Hmm . . . if only they'd thought of showing one of those Seattle-ITE XXI Concept Cars strapped to the business end of Project Orion booster and launched into space, they could have predicted Elon Musk from 50 years in the past.

For added verisimilitude, they could have made the Nuclear Concept Car Space Shot some kind of marketing ploy to promote to Dad's wild-ass scheme for accelerating the colonization of Mars.

That would have been quite an amazingly precise prediction of the future and they were so, so close . . .
posted by flug at 9:01 PM on November 11


Hark, is that the sound of someone awkwardly dragging Elon Musk into this thread?

If we're doing that, then I'll point out that he is doing his best to give us rocket cars.

and the first FH launch was not a marketing ploy and SpaceX are doing things no-one else is close to achieving.
And as we're talking about the future its worth mentioning that Elon Musk's stated purpose is "to do useful things, maximize the probability that the future is good, and make the future exciting".
I would like the future to be exciting again.

posted by memebake at 4:25 AM on November 12


I always end up trying to puzzle out how they think the controls worked. Sometimes it makes more sense than others.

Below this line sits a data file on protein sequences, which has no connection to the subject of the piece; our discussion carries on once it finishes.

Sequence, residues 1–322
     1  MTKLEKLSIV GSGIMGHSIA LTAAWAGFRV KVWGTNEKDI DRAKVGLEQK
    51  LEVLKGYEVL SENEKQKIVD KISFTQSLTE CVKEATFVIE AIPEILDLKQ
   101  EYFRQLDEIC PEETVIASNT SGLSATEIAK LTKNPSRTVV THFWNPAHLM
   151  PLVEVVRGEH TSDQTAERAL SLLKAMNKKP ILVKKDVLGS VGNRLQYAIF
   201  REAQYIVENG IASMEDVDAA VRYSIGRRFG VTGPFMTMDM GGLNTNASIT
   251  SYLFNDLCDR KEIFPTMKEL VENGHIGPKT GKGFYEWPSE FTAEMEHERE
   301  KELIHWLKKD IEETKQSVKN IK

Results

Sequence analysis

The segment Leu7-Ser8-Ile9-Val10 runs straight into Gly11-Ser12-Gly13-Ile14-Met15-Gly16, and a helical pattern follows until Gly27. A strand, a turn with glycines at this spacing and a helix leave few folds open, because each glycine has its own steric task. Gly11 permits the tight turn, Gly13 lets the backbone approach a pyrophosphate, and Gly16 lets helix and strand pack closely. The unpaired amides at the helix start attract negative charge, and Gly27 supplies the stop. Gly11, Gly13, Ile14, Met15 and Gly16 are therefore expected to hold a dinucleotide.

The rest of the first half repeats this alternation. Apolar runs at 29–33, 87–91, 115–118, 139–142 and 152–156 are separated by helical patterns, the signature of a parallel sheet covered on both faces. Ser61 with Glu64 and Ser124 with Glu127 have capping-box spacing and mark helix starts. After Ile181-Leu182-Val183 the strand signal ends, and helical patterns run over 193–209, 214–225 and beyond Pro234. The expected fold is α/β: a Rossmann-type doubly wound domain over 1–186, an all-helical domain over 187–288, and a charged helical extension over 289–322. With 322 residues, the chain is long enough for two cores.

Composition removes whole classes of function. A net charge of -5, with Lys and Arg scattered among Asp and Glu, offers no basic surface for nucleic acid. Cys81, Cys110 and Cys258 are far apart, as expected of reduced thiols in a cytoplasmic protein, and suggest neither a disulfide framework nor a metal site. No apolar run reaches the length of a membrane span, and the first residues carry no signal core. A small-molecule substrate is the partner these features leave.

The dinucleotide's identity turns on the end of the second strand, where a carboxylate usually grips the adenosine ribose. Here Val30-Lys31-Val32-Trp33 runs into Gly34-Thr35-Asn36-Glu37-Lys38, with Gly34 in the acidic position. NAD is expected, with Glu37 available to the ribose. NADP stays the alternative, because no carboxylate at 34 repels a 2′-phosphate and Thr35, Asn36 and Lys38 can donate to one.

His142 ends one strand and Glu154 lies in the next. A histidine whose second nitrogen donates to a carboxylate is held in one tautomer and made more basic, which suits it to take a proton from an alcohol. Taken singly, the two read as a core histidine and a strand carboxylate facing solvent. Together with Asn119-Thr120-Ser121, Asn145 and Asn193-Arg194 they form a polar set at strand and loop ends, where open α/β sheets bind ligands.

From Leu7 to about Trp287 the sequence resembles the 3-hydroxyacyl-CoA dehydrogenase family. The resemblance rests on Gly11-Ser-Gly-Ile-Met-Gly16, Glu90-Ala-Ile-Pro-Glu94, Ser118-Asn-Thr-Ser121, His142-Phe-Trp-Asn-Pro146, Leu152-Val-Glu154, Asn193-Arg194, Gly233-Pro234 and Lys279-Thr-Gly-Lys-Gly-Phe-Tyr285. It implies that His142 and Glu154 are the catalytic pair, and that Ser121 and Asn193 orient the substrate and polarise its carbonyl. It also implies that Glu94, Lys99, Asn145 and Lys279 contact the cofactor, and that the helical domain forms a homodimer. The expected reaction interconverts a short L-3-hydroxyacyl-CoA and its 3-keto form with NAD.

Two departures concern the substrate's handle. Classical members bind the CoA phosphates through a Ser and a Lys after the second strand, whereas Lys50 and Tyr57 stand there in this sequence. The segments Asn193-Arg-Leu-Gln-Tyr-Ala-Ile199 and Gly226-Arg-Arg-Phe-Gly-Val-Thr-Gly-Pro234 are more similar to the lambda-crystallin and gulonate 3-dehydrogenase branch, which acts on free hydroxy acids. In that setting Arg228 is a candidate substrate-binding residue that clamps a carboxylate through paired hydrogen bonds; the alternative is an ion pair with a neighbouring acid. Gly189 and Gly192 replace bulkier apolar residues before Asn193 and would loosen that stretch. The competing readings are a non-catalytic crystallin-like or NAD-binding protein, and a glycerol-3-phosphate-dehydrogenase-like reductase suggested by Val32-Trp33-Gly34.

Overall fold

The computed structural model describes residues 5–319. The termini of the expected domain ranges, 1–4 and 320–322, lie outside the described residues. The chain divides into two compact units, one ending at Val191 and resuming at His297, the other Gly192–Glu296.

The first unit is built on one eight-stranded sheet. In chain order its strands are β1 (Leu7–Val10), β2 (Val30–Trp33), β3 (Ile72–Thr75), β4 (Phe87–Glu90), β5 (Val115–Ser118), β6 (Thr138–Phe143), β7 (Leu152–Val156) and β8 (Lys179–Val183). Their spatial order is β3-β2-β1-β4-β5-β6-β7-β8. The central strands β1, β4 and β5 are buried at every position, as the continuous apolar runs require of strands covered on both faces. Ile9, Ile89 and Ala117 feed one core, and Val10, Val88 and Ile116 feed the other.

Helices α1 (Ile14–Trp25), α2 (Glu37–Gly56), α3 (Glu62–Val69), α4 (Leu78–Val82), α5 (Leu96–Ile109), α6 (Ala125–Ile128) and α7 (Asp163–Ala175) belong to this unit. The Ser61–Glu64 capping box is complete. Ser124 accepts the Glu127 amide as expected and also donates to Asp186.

That second video, feels like they were thinking about that aspect more. She types in a search for what item she's buying, and then selects sub-categories. The 1999 video has some odd ones, like when the kid is doing a multiple-choice quiz, the controls have multiple x/y buttons, as though you have to use a different pair for each question? As far as I can tell, the paperwork view screen requires you punch in a unique code on some unlabeled buttons, so you have to memorize the code for each file you have in storage?
posted by RobotHero at 6:12 AM on November 12


the controls have multiple x/y buttons

Yeah, that got me too. OK, they're two-answer multiple choice quizzes, he needs only two buttons, sure, but why does he need 10 copies of each of them?
posted by jackbishop at 8:25 AM on November 12


So he can answer up to 10 questions, of course.
posted by RobotHero at 8:44 AM on November 12